U.S. officials warn the Kremlin over nuclear weapons talk
Washington has privately warned Moscow of "catastrophic" consequences if Russian President Vladimir Putin instructs his military to use nuclear weapons in Ukraine, top U.S. officials said in interviews broadcast Sunday.
Driving the news: Secretary of State Antony Blinken and national security adviser Jake Sullivan made the comments after Kremlin officials doubled down on the veiled nuclear threat Putin made in announcing the mobilization of some 300,000 reservists last week.
- Russian Foreign Minister Sergei Lavrov said during a news conference Saturday after addressing the UN General Assembly the Kremlin has "a doctrine for nuclear security which is an open document."
What they're saying: "We have been very clear with the Russians publicly, and, as well as privately, to stop the loose talk about nuclear weapons," Blinken told CBS News' "60 Minutes."
- "It's very important that Moscow hear from us and know from us that the consequences would be horrific. And we've made that very clear," Blinken said.
- Blinken added that he wouldn't "get into what the consequences would be" for the Kremlin, but the Biden administration had a plan for such an event and he noted that "any nuclear weapons would have catastrophic effects" for the country using them and others.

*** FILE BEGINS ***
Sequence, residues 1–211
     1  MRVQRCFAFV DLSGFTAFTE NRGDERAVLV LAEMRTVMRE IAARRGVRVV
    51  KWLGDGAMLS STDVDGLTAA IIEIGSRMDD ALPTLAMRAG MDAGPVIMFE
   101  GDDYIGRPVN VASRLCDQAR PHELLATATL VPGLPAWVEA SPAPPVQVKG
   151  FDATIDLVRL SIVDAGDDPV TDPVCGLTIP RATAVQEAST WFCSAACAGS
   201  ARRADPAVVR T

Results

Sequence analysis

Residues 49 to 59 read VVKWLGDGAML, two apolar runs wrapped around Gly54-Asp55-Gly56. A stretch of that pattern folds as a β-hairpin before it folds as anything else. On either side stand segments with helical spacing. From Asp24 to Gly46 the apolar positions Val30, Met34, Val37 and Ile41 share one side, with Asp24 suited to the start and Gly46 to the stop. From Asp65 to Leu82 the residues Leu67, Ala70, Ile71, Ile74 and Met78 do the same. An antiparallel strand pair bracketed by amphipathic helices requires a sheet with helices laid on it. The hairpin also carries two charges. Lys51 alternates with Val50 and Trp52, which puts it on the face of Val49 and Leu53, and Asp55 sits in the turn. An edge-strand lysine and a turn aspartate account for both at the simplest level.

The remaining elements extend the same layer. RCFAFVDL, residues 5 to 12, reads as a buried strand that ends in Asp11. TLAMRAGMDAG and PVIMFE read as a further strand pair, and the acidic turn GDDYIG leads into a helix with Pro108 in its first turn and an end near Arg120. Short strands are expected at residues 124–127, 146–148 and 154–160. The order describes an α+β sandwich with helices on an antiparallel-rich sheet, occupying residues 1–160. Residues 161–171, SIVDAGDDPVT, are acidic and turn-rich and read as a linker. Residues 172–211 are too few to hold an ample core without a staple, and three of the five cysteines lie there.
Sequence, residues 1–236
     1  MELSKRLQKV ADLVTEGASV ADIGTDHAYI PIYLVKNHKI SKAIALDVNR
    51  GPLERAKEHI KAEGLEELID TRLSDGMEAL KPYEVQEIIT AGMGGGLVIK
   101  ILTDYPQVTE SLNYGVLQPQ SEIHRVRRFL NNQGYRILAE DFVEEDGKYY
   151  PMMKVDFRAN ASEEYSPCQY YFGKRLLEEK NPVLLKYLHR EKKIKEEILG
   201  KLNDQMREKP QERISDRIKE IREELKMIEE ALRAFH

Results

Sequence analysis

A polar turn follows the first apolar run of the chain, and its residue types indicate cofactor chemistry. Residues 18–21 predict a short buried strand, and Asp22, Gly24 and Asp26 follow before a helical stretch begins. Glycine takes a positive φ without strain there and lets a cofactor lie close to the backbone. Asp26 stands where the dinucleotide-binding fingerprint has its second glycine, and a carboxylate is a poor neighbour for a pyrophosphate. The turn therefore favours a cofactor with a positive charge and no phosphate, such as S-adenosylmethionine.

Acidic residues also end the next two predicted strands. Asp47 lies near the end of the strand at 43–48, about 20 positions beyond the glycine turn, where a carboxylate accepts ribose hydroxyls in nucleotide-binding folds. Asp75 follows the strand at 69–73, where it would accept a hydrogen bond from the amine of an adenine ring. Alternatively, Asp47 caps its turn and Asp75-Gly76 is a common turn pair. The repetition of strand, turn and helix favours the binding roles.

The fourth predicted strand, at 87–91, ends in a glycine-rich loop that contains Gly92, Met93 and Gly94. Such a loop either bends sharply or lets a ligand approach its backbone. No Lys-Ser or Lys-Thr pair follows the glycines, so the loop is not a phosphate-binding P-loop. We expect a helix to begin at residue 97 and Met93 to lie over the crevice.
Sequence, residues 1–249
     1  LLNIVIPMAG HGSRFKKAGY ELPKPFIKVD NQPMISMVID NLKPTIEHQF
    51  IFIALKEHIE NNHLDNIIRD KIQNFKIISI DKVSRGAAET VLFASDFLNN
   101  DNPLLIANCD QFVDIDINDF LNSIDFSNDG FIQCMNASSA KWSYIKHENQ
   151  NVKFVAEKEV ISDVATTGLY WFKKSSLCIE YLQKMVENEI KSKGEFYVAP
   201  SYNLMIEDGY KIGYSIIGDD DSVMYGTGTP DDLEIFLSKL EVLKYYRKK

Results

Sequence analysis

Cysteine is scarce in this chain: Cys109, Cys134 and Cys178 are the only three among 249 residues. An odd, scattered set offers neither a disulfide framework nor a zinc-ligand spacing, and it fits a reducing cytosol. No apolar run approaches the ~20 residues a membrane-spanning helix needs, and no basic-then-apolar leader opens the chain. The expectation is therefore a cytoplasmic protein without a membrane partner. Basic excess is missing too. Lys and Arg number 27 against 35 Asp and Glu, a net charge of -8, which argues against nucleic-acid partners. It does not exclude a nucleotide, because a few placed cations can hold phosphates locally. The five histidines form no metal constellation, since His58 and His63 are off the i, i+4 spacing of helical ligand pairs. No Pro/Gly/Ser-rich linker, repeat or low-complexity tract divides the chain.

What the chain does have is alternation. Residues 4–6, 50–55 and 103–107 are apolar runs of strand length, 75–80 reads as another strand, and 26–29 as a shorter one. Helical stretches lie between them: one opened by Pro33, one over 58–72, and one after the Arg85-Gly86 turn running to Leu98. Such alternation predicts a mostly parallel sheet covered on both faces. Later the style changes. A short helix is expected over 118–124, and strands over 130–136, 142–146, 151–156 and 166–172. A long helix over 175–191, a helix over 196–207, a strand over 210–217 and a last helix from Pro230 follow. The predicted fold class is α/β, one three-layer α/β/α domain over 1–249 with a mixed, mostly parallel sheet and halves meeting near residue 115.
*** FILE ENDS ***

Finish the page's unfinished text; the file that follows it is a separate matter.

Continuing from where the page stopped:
Meanwhile, Sullivan said during three separate interviews on Sunday that U.S. officials had warned their Moscow counterparts of "catastrophic consequences" if Putin's forces were to use nuclear arms in Ukraine.
- Sullivan told ABC, NBC and CBS News Sunday American officials told them the U.S. "will respond decisively" to such action.
- "In private channels we have spelled out in greater detail exactly what that would mean," he added in his interview on NBC's "Meet the Press."
Worth noting: Sullivan said during his interview on CBS' "Face The Nation" that "Putin's been waving around the nuclear card at various points through this conflict," but stressed it's "a matter that we have to take deadly seriously because it is a matter of paramount seriousness."
The big picture: The ramped-up nuclear rhetoric by Russian officials comes after several significant losses on the battlefield in Ukraine this month.
- Ukrainian President Volodymyr Zelensky announced in his nightly address Sunday "positive results in several directions" as fighting took place in Russian-controlled areas in the regions of Donetsk, Kherson, Kharkiv, Mykolaiv and Zaporizhzhia.
- Blinken said during his "60 Minutes" interview that Putin has "already lost in terms of what he was trying to achieve." Given "his objective was to erase Ukraine's identity as an independent country, that has already failed," he said.